Let’s be honest. Calculators have been around for many decades and yet the debate continues to rage amongst educators about whether they are appropriate for student use and if so at which level. If Texas Instruments had not fully supported the development of the graphing calculators, I have to wonder how many cell phone toting middle school students would be permitted to use a calculator. Whole books have been written on the jokes and tricks students can engage the calculator to enjoy.
    Today is actually the anniversary of the patent of the pencil with an eraser attached. Today’ system faced with this innovation may well be envisioned arguing that the convenience of erasing answers might allow students not to show their original work product and the oh so fun and later development of eraser people as a diversion would have surely met with great guffaws.
    My experience as the mother of a child who has a handwriting disability was that even using a memory stick to use the desktop computers met with less than enthusiastic acceptance. And despite the trend toward blaming administrators, I found the resistance from teachers.
    Mr. Ferriter, your comments toward the end of your original post recognize the issue is far bigger than cell phones. The way people access information, engage the world around them and learn has changed. You say “the kinds of learning opportunites that will become the norm in the next 5-7 years.” I would go further and say the train left the station with the advent of the internet and the system is already far behind. The title of your post, “Cell Phones ARE Disrupting the Learning Environment” presumes something this radical rejected…that the “learning environment” doesn’t need to be disrupted. I tend toward “disruption” aimed at making the “learning environment” one that is in pace with the world we inhabit. Today, a great education is only a few clicks away. Tomorrow you may not have to click.

  7. Mike Arsenault

    Great Post Bill.
    The true issue is student engagement. I have been working in 1 to 1 computing environments for 7 years. When it all started teachers wanted to take away laptops from students for being off task with the device. It’s not the device that is the problem. It’s the level of student engagement that is the issue.
    When I was a student we didn’t have these great devices to distract us. We still displayed this sort of behavior. I would get caught from time to time with a Sports Illustrated magazine inside my Social Studies text book. It wasn’t the media that was the problem. It was my own off task behavior that was fueled by school work that I didn’t see as relevant.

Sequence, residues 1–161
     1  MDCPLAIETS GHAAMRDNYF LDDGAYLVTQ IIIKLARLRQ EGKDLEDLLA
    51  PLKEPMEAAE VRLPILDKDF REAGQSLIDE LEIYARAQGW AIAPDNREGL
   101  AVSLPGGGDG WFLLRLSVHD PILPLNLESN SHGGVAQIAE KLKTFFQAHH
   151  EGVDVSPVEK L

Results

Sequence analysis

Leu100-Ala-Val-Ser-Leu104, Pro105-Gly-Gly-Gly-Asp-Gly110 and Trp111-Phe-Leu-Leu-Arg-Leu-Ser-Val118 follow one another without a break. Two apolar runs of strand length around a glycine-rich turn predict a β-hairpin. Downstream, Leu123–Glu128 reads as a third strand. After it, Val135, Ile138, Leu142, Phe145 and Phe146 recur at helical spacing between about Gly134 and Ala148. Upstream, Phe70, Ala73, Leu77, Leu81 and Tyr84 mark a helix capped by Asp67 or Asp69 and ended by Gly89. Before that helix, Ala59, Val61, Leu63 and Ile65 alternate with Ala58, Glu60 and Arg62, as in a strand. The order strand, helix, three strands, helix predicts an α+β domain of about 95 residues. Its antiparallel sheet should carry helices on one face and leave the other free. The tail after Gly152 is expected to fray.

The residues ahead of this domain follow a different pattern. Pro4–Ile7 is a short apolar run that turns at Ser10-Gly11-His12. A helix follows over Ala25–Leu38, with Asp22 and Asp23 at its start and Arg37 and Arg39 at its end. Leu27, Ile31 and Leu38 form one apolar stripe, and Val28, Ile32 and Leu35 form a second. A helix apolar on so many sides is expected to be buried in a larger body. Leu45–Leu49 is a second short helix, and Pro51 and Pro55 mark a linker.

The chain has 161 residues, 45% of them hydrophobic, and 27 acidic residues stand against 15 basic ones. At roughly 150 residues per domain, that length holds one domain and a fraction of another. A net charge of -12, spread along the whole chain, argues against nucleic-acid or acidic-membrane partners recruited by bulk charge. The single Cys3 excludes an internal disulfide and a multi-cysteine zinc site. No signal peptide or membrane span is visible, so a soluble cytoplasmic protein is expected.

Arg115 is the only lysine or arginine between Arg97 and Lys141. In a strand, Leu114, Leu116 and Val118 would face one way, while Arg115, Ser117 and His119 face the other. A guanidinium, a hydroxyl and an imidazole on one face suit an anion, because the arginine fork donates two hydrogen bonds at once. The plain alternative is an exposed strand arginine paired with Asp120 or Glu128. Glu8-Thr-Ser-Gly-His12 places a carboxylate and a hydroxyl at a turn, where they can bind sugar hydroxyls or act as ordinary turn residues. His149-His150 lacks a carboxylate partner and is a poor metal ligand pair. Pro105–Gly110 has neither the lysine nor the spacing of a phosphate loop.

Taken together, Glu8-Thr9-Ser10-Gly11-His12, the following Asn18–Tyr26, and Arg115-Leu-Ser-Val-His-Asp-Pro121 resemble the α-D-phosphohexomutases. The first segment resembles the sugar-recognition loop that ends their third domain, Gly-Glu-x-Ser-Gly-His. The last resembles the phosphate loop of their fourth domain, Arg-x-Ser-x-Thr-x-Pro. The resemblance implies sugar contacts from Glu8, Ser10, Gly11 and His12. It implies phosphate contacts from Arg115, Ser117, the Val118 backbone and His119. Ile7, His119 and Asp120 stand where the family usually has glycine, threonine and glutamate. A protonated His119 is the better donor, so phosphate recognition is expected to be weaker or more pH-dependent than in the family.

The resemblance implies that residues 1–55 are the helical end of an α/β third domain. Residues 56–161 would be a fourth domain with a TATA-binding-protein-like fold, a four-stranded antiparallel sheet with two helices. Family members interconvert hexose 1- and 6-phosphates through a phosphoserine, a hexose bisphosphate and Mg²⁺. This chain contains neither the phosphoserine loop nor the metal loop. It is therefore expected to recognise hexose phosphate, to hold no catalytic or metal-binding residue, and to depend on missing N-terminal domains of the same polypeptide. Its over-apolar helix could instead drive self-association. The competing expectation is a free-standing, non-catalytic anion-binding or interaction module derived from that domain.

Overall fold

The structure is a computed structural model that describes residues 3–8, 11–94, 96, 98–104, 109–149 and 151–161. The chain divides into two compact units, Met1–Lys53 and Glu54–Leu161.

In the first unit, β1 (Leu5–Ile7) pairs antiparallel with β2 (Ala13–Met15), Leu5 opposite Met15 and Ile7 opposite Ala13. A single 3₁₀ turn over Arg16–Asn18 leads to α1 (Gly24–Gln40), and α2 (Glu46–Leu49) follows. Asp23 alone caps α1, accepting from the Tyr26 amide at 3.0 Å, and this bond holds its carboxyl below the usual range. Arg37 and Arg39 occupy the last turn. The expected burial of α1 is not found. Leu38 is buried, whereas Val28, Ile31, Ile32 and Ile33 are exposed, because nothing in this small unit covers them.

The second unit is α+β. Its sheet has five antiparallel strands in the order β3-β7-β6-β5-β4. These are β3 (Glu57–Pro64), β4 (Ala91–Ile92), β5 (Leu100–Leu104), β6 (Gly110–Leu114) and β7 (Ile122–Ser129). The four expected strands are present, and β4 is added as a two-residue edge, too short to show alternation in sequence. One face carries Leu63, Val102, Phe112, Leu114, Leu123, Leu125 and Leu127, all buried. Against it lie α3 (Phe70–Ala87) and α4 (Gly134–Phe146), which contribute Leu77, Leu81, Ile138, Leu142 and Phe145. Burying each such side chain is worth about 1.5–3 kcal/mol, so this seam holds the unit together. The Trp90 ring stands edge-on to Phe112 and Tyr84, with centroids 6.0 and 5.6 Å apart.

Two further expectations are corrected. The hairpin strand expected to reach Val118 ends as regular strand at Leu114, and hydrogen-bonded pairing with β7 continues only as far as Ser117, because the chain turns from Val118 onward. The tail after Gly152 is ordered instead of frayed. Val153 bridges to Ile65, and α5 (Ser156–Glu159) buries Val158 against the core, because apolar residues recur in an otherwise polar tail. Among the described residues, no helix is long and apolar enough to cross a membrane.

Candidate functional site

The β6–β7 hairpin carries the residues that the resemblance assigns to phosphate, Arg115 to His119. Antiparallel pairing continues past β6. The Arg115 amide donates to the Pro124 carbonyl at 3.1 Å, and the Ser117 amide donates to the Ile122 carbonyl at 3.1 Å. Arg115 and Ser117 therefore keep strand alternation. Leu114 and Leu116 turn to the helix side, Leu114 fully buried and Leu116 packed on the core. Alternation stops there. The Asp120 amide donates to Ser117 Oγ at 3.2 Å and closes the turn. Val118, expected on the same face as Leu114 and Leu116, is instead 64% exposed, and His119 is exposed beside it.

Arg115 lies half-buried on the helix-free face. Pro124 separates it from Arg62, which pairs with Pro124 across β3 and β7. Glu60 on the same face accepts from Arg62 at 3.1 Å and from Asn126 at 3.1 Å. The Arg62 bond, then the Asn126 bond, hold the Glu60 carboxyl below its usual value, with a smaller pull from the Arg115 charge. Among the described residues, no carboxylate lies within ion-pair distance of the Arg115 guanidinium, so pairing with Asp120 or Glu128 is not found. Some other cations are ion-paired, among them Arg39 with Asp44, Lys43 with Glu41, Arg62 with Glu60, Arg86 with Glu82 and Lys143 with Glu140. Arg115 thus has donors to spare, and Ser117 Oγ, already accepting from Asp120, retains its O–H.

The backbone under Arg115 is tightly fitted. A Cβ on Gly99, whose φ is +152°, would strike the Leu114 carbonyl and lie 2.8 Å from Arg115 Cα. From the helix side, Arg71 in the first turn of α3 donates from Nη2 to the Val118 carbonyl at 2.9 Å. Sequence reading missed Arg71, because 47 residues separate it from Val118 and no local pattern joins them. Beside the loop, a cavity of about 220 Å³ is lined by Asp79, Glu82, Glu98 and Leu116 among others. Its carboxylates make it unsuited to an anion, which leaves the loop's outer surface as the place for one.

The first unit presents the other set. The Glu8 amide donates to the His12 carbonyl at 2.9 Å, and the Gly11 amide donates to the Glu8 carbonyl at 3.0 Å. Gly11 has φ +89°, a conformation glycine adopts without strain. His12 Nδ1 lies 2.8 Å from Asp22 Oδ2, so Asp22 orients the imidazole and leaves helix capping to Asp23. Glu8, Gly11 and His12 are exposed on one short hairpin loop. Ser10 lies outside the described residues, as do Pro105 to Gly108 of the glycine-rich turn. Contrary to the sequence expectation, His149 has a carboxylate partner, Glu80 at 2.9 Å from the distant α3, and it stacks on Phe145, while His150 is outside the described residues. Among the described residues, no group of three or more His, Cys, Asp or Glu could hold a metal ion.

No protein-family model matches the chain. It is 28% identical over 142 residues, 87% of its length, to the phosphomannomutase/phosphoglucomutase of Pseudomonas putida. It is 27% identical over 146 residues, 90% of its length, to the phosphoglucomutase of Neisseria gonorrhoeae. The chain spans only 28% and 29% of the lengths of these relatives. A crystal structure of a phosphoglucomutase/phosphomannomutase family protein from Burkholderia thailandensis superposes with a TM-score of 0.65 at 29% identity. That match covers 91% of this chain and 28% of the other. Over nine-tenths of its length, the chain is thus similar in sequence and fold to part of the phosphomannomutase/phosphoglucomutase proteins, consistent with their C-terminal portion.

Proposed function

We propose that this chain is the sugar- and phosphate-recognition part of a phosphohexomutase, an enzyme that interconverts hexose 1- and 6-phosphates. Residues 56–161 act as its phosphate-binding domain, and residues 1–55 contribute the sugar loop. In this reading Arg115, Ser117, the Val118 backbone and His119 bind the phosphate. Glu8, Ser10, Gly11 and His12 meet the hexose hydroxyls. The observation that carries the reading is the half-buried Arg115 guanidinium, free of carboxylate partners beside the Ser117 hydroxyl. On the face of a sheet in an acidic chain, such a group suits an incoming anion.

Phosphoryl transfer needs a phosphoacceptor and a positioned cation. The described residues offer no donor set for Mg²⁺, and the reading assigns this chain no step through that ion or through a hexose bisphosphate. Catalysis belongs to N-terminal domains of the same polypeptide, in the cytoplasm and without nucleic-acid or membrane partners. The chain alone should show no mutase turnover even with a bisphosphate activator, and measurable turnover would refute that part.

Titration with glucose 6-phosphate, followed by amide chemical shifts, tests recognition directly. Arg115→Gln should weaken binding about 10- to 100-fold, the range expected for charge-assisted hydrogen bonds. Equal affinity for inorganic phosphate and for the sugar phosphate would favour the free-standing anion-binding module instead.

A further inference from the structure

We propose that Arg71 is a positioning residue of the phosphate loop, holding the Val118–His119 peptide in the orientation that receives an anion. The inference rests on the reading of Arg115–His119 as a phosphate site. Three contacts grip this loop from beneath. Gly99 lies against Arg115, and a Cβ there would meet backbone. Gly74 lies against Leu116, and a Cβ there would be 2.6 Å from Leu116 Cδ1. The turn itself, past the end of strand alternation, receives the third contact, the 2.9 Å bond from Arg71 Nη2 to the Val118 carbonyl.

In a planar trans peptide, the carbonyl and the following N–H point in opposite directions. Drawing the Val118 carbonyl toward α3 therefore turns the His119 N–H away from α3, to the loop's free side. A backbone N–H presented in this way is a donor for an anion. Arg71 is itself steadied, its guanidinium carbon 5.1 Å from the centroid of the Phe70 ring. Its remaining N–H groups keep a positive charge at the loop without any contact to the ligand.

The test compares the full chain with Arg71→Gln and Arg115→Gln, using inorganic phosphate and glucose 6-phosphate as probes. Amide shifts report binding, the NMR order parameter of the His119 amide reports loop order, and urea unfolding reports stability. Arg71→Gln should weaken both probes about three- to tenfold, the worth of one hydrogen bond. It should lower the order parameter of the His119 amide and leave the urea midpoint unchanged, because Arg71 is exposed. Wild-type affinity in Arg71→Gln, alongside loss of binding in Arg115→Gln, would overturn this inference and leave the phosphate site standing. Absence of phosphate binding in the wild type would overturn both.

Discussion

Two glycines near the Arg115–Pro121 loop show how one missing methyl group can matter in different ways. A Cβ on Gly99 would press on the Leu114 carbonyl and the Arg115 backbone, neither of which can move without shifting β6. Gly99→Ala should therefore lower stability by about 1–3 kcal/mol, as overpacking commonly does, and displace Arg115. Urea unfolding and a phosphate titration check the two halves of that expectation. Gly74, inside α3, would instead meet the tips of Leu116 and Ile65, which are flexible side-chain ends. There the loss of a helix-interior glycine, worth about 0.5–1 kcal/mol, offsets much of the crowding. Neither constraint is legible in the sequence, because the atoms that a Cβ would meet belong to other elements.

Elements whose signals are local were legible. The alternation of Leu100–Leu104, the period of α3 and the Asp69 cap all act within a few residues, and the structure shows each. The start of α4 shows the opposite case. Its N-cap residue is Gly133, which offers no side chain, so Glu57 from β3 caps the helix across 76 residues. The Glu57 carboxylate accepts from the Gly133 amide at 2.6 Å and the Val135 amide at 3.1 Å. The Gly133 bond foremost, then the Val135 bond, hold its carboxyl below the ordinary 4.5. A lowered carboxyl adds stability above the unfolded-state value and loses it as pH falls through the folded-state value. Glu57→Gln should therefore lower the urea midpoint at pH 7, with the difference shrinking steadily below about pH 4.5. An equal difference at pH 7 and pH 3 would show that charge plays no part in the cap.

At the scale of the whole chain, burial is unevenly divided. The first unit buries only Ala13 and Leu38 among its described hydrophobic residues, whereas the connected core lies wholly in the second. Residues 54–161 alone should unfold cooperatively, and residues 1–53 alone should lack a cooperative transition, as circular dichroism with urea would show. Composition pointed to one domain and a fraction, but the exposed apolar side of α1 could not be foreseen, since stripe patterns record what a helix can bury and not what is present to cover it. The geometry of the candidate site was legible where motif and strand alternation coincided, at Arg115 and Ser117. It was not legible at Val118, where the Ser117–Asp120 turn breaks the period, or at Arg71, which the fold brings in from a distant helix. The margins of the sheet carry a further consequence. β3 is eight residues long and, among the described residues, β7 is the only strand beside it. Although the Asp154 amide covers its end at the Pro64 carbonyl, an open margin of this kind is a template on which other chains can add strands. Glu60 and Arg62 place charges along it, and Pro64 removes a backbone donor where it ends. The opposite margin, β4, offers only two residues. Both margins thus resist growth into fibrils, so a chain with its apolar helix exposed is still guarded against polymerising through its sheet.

Banning cell phones and laptop computers from students would be as ridiculous as banning paper because students might write a note to a friend on it. We need to look at these devices in new disruptive ways that can change the way we teach and learn. My own life has changed dramatically since I have purchased a smart phone. It’s a mini computer in my pocket wherever I go connecting me to a world of new knowledge anywhere anytime.

  8. Bill Ferriter

    Hey Paul,
    You make a lot of good points, that’s for sure—and I agree that netbooks are an option that we’ve got to pursue if we hope to expand computer access in schools.
    I think about the two new desktops that were moved into my room the other day and I’m pretty sure that we could have gotten three or four netbooks instead—and considering that everything that we do with desktop software can be done for free online, netbooks are the more responsible purchase.
    As far as cell phones go, I guess our debate is really a moot point, isn’t it—-considering that cell phones are prohibited to all students at all grade levels on most campuses in our country!
    In some ways, that’s where my post comes in. I understand that the kinds of things that I’m describing are not ubiquitous for kids yet, but they will be in a very, very short time.